Posted by: seanmalstrom | December 4, 2009

Nintendo: “We know you guys don’t want trains, but we’re going to do it anyway. Remember, it is all about satisfying my son. You customers who don’t like it can go to hell.”

Well, they didn’t say exactly that. But they might as well have.

Iwamoto
But I did think that I didn’t want to get too caught up in making it “The Legend of Zelda-like”. There was even an argument about how a train didn’t really seem to fit with “The Legend of Zelda”.
Iwata
Ah, yes, I did hear a little about that. You mean that debate, the one about whether or not it was really all right to have a train in The Legend of Zelda.
Iwamoto
Then people were wondering whether we shouldn’t change the train to something else. Still, we talked to the designer, and to all sorts of people, and we ultimately decided to stick with the train. In the first place, everybody has their own idea of what The Legend of Zelda is supposed to be like.

`

Gee, isn’t that convenient? Translated from industry-speak to real-speak, it means they know people out there hate the train, but they are going to put it in there because they have declared Zelda to have no definition.

If “everyone” has their own idea of what Zelda is supposed to be like, then Zelda doesn’t mean anything. Anyway, this “everyone” is just Nintendo developers projecting their confusion onto all of us. The masses know what Zelda is which is why Zelda has failed to be an entertainment phenomenon since Ocarina.

Aonuma
Yes, that’s it. This time, we were trying for a game that used trains in a way no other game had used them before. So, as Iwamoto-san said before, we had some people asking “A train in The Legend of Zelda? Are you sure?” But, as far as I’m concerned, trains are just fine. I felt as though, if the train became something that couldn’t be portrayed by anything else, then that would be The Legend of Zelda.

`

It’s all about Aonuma. Even the people working on Spirit Tracks were very hesitant about the ‘train’. But Aonuma reads a train book to his son every night, therefore the Zelda game had to have a train. Lately, Aonuma’s son likes the concept of flying so he has already promised his son that flying will be in the next Zelda game. God help Zelda when Aonuma’s son starts dating.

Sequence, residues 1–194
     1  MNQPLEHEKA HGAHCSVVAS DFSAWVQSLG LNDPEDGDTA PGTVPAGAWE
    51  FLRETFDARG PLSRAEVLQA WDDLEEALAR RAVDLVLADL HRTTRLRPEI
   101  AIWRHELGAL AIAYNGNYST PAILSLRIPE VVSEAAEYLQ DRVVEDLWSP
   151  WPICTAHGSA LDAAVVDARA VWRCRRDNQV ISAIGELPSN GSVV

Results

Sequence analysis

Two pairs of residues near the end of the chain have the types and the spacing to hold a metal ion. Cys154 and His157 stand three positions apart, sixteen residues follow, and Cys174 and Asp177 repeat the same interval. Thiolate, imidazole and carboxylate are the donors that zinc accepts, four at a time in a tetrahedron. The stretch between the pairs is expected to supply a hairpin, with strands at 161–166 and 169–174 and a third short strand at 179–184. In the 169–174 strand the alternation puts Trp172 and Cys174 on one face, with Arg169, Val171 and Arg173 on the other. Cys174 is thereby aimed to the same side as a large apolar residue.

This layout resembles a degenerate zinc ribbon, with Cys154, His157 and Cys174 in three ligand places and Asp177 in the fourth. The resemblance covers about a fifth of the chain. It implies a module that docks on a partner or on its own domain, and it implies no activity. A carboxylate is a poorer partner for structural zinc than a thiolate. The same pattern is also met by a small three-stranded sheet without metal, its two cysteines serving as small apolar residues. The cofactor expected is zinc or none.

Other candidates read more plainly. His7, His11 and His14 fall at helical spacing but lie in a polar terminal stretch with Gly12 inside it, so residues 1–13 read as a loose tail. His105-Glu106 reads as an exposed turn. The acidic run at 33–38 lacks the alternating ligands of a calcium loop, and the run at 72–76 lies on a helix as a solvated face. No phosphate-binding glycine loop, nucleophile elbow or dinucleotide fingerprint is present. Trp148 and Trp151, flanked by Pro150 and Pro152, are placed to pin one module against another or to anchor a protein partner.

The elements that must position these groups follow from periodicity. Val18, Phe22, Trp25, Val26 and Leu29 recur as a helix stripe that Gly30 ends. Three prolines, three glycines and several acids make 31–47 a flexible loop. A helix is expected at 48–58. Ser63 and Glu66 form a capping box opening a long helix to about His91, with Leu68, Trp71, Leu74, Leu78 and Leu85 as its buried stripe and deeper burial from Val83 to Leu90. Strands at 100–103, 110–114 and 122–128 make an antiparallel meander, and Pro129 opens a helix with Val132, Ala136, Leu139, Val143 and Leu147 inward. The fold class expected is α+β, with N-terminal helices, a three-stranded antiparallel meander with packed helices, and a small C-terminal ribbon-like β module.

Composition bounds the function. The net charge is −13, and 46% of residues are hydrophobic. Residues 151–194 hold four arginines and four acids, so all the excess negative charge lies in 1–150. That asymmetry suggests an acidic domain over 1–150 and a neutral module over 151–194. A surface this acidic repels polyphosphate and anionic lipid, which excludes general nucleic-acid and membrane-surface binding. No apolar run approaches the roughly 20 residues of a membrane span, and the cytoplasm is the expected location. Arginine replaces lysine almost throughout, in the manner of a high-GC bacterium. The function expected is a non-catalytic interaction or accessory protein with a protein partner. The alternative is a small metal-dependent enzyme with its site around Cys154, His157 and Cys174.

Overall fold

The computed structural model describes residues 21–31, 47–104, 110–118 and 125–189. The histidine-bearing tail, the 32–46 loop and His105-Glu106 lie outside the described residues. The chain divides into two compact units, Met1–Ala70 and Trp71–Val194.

Apparently Aonuma’s “grand vision” of Zelda is to cram things in there so he can say, “No game has ever done this before.” Therefore, we might as well expect unicorns on Pluto or walruses that shoot lasers. No other game has those things after all.

These Zelda interviews are a parody in themselves. They admit they have no idea of what is the definition of the game they are supposed to be making. Instead of recognizing that this could be a big problem, of being unable to define the game you are making, they instead praise how they cannot define it! As if Zelda was “relative”. By the way they are going, the only definition everyone will agree on is a “joke”.
`

Aonuma
By the way, Iwata-san, what do you think The Legend of Zelda is?
Iwata
Well, to me… When I’m playing, and I think “Is it even possible to solve this puzzle?”, and it’s really giving me trouble, but then something gives me a brainstorm and I solve it, and “ that The Legend of Zelda sound” plays… (laughs) When I hear that “You’ve solved the puzzle” sound, even though I had to work so hard on it, it makes me want to work on the next one right away. To me, that’s the essence of The Legend of Zelda.
Aonuma
I think it’s the same for us, too.
Iwamoto
Yes, it is.

`

I am curious where the myth began that Zelda was a puzzle game. I suppose it began at the same time that Zelda was an “exploration” game.

“But Malstrom! But Malstrom!” says a reader. “Miyamoto, himself, says Zelda was about ‘exploration’.”